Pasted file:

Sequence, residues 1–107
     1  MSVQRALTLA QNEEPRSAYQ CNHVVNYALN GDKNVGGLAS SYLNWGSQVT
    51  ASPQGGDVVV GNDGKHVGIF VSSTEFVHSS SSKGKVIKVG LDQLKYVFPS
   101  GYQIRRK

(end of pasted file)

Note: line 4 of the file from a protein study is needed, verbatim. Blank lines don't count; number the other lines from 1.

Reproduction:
   101  GYQIRRK